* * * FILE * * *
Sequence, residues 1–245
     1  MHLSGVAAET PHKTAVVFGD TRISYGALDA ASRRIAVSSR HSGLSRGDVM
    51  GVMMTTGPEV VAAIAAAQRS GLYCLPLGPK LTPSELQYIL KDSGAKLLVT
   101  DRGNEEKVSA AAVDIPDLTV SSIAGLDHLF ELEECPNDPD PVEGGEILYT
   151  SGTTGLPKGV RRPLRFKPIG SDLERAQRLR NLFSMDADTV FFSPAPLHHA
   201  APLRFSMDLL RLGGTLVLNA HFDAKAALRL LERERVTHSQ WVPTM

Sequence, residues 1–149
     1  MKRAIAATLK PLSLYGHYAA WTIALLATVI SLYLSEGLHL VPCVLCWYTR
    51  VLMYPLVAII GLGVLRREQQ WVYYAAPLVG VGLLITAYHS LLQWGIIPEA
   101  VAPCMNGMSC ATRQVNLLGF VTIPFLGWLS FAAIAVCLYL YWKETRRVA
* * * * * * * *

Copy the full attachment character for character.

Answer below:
Sequence, residues 1–245
     1  MHLSGVAAET PHKTAVVFGD TRISYGALDA ASRRIAVSSR HSGLSRGDVM
    51  GVMMTTGPEV VAAIAAAQRS GLYCLPLGPK LTPSELQYIL KDSGAKLLVT
   101  DRGNEEKVSA AAVDIPDLTV SSIAGLDHLF ELEECPNDPD PVEGGEILYT
   151  SGTTGLPKGV RRPLRFKPIG SDLERAQRLR NLFSMDADTV FFSPAPLHHA
   201  APLRFSMDLL RLGGTLVLNA HFDAKAALRL LERERVTHSQ WVPTM

Sequence, residues 1–149
     1  MKRAIAATLK PLSLYGHYAA WTIALLATVI SLYLSEGLHL VPCVLCWYTR
    51  VLMYPLVAII GLGVLRREQQ WVYYAAPLVG VGLLITAYHS LLQWGIIPEA
   101  VAPCMNGMSC ATRQVNLLGF VTIPFLGWLS FAAIAVCLYL YWKETRRVA